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RBI Keeps Interest Rates Steady: What Does This Mean For Home Loan EMIs?

Investment

oi-Sunil Fernandes

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Today, the Reserve Bank of India, in its policy, has kept stable the repo rates or the rates at which it lends money to banks. Rates remain at 4%.

What does the RBI ruling mean for home loan EMIs?

For those who are considering taking out home loans or have already taken out a home loan, this would keep an EMI stable. Apart from that, the dovish stance of the RBI also means that at least for the next few quarters, interest rates are unlikely to change.

That said, we believe interest rates are headed up. It is highly likely that floating rate EMIs will rise slightly over the next few quarters, at least by the end of the year.
We are already seeing rising interest rates on term deposits and believe the same could happen with EMIs on home loans.

The Reserve Bank of India has to fight against inflation which is hovering around 5.59% and a rise in crude prices would likely worsen the situation. This means that interest rates could be revised upwards perhaps by the last quarter of the year.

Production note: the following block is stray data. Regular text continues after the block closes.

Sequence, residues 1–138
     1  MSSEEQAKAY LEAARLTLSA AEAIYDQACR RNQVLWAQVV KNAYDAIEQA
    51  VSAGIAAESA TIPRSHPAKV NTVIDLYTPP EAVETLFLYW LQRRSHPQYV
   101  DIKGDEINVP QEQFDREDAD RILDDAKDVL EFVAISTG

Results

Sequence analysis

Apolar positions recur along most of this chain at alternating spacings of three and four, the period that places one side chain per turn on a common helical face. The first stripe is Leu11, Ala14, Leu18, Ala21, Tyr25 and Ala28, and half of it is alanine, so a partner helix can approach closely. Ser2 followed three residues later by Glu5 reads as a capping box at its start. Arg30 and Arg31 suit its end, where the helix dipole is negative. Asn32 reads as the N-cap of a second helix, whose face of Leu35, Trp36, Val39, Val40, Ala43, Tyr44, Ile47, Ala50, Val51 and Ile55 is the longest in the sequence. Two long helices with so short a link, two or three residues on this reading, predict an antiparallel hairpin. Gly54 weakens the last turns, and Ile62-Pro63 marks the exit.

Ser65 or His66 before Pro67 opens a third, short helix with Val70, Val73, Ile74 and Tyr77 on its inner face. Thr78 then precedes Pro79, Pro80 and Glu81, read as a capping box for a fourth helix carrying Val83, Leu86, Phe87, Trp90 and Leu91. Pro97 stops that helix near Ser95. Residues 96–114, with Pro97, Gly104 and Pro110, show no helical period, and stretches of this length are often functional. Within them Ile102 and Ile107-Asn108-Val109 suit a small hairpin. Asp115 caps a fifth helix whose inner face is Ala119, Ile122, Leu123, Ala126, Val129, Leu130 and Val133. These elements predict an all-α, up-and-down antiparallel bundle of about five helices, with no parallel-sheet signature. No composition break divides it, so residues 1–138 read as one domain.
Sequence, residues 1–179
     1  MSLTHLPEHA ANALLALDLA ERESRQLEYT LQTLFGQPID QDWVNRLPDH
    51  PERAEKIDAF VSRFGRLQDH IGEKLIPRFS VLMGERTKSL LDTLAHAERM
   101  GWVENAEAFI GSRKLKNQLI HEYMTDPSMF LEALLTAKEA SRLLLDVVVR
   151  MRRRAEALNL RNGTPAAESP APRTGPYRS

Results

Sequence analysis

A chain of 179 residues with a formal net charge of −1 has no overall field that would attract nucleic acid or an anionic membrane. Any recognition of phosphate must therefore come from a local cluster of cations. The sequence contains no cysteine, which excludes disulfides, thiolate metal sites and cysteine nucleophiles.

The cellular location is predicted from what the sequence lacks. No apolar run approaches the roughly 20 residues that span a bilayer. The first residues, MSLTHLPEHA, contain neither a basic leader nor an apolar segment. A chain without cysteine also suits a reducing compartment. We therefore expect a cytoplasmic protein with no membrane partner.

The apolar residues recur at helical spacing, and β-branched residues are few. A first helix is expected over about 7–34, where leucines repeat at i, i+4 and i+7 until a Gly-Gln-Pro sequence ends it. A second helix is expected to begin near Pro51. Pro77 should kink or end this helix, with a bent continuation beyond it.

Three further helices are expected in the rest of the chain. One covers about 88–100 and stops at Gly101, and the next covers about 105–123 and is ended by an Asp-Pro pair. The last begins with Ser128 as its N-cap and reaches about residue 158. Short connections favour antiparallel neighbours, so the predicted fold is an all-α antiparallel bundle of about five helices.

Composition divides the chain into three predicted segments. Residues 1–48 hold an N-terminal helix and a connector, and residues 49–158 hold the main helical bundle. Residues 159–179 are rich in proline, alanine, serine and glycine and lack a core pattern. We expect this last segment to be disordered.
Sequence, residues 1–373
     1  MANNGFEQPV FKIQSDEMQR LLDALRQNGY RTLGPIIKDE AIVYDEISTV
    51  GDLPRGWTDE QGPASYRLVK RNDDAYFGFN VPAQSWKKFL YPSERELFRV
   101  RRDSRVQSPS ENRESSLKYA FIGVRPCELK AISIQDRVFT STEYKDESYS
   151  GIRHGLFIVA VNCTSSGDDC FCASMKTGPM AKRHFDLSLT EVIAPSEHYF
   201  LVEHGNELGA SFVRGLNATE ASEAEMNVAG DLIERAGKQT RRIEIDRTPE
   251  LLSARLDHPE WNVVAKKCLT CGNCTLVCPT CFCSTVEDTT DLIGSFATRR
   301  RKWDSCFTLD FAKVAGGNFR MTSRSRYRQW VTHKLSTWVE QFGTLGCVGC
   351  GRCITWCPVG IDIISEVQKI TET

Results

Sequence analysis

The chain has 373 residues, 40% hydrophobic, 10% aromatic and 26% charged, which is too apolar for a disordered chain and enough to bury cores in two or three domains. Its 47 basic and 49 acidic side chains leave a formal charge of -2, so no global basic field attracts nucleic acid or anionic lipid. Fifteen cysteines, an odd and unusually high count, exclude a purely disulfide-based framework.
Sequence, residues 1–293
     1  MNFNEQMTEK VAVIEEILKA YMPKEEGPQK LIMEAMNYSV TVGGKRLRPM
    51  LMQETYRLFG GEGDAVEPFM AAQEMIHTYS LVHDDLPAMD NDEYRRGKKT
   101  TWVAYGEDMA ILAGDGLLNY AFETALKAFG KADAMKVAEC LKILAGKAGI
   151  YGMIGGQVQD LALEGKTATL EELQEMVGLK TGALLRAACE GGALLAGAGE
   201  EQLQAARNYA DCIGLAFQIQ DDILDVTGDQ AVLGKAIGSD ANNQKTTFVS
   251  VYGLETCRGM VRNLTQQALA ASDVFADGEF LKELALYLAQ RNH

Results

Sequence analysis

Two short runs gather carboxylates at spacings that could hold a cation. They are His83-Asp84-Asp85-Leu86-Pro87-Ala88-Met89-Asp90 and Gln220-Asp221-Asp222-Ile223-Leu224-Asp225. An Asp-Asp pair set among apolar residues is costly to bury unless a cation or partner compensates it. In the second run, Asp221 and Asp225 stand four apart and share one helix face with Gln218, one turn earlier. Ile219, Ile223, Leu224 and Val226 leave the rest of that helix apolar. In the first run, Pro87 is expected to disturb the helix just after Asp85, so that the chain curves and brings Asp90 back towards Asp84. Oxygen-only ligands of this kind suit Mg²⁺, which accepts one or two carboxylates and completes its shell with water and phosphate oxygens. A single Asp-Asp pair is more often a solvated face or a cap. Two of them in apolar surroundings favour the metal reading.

One of the biggest mandates of the RBI is to control inflation and with soaring crude oil prices, the RBI might be forced to raise interest rates in upcoming policies. Remember that the oil marketing companies did not raise fuel prices because of the national elections. However, once the national elections are over, we may see a gradual increase in fuel prices.

While EMIs on home loans would not become more expensive immediately, EMIs could increase over the next few quarters, if the RBI raises interest rates. Interest rates on personal loans, gold loans and auto loans are also expected to rise. However, for existing loans, EMIs will not increase, as these are generally at fixed interest rates

Globally, central banks have raised rates or are in the process of doing so. US Fed officials have signaled the possibility of an interest rate hike as early as March, while the Bank of England has already hiked rates.

In fact, most analysts believe that the US Fed is already behind the curve when it comes to raising interest rates.

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Article first published: Thursday, February 10, 2022, 10:34 a.m. [IST]


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